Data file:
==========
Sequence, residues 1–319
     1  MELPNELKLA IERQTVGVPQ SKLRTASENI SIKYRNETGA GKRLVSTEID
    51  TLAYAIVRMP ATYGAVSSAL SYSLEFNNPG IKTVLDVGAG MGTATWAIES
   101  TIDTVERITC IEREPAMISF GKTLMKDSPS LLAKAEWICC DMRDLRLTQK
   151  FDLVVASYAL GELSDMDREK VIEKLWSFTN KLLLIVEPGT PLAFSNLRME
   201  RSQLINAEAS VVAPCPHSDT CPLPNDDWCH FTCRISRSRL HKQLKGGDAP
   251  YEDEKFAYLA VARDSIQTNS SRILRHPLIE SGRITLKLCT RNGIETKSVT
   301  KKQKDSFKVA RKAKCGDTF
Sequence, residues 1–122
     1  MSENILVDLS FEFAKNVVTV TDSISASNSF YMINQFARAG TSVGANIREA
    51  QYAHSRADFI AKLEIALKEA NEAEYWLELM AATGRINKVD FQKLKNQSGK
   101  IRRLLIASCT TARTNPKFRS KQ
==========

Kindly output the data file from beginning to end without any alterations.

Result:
Sequence, residues 1–319
     1  MELPNELKLA IERQTVGVPQ SKLRTASENI SIKYRNETGA GKRLVSTEID
    51  TLAYAIVRMP ATYGAVSSAL SYSLEFNNPG IKTVLDVGAG MGTATWAIES
   101  TIDTVERITC IEREPAMISF GKTLMKDSPS LLAKAEWICC DMRDLRLTQK
   151  FDLVVASYAL GELSDMDREK VIEKLWSFTN KLLLIVEPGT PLAFSNLRME
   201  RSQLINAEAS VVAPCPHSDT CPLPNDDWCH FTCRISRSRL HKQLKGGDAP
   251  YEDEKFAYLA VARDSIQTNS SRILRHPLIE SGRITLKLCT RNGIETKSVT
   301  KKQKDSFKVA RKAKCGDTF
Sequence, residues 1–122
     1  MSENILVDLS FEFAKNVVTV TDSISASNSF YMINQFARAG TSVGANIREA
    51  QYAHSRADFI AKLEIALKEA NEAEYWLELM AATGRINKVD FQKLKNQSGK
   101  IRRLLIASCT TARTNPKFRS KQ